It is, of course, quite outrageous that in a relatively densely populated area like Hertfordshire any child should have to travel twelve miles to school.
Note that "The aim of the lottery is to make school admissions fairer and prevent middle-class parents from playing the system by buying or renting homes close to the best schools". What an extraordinary thing for a reputable newspaper to have to print - that we live in such a nonsensical society that local politicians can seriously describe buying a house as "playing the system". What next? Our choice of clothes is discriminatory because we choose not to walk round Asda in a fluorescent shell-suit? Our haircut is racist because we don't wear dreads? Will the speech police prowl in the High Street and issue spot fines to anyone who doesn't end every sentence with "innit"?
Despite Ed Balls' current misgivings, this "one size fits all" approach starts at government level - pretty rich for a government whose members are adept and shameless in feathering their own nests and scratching the backs of bankers and quangocrats. It has caused local authorities to try and make school admissions “fairer”: what they mean is that in middle-class areas, all the middle-class children go to the local high school and fill it up. That school is therefore successful, and working-class children from the council estate on the other side of town can't go to it. This is unfair, and they are trying to force the middle-class children to go to out-of-catchment schools to ensure a mix.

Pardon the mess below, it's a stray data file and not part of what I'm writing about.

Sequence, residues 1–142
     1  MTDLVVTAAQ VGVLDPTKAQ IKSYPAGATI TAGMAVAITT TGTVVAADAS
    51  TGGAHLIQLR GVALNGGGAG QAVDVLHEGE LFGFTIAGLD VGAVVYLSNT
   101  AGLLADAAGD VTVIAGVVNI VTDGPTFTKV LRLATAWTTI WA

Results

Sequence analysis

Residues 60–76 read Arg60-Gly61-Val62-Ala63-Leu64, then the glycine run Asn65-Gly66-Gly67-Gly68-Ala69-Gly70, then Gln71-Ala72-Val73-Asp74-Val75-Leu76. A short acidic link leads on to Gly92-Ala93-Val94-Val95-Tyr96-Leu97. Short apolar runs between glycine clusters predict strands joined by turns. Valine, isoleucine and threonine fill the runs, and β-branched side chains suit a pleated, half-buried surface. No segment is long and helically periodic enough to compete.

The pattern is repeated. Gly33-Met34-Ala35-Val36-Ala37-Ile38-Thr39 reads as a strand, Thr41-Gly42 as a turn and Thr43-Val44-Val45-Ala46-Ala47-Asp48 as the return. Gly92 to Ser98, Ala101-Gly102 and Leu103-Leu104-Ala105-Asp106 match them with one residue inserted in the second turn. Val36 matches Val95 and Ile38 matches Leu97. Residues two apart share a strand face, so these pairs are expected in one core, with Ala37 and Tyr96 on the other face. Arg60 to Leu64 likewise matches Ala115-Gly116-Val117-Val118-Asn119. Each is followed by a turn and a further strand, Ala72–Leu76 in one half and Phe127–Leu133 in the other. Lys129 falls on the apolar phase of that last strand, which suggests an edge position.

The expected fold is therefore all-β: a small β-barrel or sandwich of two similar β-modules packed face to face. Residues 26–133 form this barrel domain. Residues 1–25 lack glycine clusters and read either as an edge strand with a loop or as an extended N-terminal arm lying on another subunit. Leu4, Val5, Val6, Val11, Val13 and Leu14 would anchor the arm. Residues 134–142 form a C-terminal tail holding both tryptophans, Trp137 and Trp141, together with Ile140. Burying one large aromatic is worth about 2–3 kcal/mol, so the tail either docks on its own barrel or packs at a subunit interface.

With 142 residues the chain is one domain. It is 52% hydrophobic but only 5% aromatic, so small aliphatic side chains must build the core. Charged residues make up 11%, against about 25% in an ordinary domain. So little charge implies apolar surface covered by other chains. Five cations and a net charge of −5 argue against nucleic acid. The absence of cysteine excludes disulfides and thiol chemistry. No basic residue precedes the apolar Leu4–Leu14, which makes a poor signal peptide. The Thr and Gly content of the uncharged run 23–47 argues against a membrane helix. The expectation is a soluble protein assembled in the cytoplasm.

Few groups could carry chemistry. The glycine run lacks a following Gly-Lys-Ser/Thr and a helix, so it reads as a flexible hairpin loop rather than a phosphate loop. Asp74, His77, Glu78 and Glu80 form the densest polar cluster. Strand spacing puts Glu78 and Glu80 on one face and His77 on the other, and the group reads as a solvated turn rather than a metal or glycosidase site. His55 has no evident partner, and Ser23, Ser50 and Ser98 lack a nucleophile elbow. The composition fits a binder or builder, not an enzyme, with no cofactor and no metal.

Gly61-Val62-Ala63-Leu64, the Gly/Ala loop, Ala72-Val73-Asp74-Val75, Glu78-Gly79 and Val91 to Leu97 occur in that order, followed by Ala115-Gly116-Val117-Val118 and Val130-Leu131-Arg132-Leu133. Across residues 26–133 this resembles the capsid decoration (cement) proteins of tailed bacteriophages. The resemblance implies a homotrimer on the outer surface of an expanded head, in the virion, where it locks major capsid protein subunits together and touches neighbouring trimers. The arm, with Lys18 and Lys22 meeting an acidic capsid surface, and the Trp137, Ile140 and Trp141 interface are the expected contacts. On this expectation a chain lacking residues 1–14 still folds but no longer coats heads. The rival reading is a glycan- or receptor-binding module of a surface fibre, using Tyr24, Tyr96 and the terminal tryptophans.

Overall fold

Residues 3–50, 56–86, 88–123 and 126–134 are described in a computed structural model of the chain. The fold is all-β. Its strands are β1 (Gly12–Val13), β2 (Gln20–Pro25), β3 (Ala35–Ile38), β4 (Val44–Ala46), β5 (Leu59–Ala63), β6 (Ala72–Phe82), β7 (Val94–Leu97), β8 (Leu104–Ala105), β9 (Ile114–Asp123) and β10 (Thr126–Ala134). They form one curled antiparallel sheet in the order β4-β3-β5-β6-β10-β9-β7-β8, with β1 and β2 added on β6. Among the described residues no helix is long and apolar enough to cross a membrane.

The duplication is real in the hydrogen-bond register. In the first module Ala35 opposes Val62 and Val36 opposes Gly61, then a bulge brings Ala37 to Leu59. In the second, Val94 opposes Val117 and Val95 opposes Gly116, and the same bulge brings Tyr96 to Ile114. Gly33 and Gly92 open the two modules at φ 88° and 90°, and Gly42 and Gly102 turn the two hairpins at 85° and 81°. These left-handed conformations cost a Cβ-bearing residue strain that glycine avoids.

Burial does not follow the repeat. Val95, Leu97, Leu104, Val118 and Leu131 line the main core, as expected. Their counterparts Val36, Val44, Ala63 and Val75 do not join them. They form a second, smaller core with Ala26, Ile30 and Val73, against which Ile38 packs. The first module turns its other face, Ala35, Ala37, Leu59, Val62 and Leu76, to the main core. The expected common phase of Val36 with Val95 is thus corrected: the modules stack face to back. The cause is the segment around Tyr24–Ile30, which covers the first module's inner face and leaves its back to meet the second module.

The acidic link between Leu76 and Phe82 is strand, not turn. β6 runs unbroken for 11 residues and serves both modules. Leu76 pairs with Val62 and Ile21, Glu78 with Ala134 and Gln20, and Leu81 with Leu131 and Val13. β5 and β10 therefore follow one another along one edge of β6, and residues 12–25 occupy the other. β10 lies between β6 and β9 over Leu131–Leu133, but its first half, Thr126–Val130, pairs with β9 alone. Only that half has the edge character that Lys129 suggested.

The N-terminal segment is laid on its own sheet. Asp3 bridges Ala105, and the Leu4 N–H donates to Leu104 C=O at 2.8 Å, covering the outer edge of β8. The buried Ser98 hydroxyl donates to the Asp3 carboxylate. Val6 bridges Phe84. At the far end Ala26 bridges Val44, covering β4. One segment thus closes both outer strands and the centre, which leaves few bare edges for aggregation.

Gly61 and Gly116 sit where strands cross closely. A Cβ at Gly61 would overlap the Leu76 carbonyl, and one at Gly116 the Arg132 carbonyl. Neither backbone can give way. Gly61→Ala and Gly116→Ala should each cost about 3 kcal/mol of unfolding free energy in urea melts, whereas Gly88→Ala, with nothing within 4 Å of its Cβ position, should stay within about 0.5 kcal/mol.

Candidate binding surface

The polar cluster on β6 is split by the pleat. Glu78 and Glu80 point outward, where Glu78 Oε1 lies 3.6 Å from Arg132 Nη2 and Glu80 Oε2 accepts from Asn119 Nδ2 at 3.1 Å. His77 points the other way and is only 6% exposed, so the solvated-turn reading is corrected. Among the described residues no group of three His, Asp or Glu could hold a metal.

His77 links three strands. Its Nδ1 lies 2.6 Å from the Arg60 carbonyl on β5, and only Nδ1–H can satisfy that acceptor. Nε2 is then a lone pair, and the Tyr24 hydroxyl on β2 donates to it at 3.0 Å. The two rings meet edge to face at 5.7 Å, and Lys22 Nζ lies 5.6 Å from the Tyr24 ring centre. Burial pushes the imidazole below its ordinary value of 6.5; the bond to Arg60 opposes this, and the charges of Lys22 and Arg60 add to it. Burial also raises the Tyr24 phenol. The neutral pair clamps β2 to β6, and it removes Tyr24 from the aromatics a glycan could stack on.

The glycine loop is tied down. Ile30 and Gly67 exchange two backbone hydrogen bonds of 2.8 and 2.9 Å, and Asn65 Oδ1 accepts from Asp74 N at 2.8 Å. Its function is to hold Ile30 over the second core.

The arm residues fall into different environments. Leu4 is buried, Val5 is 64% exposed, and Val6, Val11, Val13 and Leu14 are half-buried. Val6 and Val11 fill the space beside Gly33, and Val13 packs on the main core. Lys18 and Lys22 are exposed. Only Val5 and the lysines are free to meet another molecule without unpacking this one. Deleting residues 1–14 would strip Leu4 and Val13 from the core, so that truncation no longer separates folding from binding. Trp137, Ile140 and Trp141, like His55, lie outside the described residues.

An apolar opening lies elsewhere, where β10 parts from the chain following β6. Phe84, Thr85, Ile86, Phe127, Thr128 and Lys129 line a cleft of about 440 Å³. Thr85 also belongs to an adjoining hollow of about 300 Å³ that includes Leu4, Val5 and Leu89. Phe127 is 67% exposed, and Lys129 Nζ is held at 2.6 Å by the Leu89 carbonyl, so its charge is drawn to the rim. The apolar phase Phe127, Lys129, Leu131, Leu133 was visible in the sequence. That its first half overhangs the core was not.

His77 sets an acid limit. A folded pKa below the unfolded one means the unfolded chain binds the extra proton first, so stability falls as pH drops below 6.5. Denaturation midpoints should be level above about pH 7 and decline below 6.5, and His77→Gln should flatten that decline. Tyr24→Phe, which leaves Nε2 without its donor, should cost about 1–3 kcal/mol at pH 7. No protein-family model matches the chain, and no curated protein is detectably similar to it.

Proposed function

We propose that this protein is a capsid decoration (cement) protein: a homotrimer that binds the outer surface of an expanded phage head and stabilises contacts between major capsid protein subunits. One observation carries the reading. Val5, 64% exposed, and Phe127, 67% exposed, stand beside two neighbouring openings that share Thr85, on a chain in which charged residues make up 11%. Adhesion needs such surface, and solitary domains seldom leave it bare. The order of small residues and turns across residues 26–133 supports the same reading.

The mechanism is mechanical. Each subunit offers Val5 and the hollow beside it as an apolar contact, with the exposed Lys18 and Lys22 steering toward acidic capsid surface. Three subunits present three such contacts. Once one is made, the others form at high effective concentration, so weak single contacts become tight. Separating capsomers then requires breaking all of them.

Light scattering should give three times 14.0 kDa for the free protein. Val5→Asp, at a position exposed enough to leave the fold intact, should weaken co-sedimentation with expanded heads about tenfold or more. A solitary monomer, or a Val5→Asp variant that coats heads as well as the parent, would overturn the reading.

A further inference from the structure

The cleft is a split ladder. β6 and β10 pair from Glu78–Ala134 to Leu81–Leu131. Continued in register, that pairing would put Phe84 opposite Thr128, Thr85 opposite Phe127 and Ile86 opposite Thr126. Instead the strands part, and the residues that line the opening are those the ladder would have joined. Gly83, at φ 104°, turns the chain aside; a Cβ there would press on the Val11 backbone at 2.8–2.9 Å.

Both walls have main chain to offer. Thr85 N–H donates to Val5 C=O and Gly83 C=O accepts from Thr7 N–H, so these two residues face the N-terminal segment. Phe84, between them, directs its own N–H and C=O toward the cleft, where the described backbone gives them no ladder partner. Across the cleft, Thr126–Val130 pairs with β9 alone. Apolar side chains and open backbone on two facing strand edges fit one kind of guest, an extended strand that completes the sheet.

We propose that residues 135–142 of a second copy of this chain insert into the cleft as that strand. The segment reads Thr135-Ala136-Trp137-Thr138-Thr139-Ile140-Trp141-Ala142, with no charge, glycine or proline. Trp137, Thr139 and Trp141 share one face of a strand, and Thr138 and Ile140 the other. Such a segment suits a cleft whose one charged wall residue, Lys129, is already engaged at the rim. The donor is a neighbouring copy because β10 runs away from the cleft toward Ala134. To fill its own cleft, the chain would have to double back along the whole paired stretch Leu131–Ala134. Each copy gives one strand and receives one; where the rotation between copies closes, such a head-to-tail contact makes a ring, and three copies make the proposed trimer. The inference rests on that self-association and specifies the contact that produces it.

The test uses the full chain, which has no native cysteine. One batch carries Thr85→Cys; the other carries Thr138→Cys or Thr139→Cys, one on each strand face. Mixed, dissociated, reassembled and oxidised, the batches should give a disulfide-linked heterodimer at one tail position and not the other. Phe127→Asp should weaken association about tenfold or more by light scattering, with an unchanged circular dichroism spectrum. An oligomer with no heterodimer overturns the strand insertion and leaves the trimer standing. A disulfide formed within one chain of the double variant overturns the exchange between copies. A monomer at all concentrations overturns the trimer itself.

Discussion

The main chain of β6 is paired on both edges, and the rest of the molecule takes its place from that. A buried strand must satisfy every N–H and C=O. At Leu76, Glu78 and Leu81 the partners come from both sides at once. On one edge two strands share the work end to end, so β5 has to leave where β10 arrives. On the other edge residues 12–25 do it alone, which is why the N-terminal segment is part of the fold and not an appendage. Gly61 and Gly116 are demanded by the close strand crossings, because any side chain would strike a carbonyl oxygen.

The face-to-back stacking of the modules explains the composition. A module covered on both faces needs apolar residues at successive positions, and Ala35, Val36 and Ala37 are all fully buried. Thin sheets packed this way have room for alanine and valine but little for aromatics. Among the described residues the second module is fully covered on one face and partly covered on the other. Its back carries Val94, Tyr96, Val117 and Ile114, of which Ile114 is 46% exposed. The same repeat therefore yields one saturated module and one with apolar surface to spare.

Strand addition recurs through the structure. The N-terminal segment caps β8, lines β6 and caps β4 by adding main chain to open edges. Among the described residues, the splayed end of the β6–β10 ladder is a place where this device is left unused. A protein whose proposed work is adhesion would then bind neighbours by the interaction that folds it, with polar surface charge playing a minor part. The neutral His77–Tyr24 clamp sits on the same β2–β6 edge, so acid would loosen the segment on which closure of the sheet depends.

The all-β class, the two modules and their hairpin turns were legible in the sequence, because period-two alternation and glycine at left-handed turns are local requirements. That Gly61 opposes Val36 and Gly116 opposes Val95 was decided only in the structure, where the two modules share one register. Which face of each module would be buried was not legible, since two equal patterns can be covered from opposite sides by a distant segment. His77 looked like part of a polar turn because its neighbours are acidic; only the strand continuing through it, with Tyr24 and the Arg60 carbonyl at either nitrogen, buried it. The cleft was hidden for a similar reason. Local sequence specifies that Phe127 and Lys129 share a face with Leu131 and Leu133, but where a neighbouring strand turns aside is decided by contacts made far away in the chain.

It would be a great deal fairer, of course, to run all schools effectively (or, rather, to leave head teachers to do it without interference, as the vast majority of them are perfectly capable of deciding what's good for their schools and what isn't) and to fund them properly so that all children get a good education wherever they live. But that would cost money, of course.
The real unfairness is something the government haven't yet addressed – though one wouldn't put it past them to try. The real unfairness is that middle-class parents can afford to buy nice houses in nice areas and all live together in a cosy huddle. Working-class parents can't.
So one awaits with interest the next round of government legislation, when a law will be introduced to (a) put all middle-class people on a government database (which will then be left on a train or sold to double-glazing firms), (b) force them to buy houses they don't want in areas they don't like, and drive elderly cars which they'll have to park in the street, and (c) give working-class people large grants so they can live in nice houses with a garage and a front drive, and buy a nice car.
Now THAT would be fairer, don't you think?
Here's another idea: in the current economic climate, wouldn't it be fairer if everyone who still has a job was forced to pay a large proportion of their salary to the government, so that the government could hand it out in benefits and grants to all the people who don't have a job?
Oh no, wait a minute. Silly me, that already happens. So that's all right then. Very fair.
The GOS says: Of course, these two boys could have the best of both worlds - or the best of both schools, anyway. They can take it in turns to go to both schools - I mean, they're twins, aren't they? What's the point of being twins if you can't, erm, what's the word? ... "play the system"?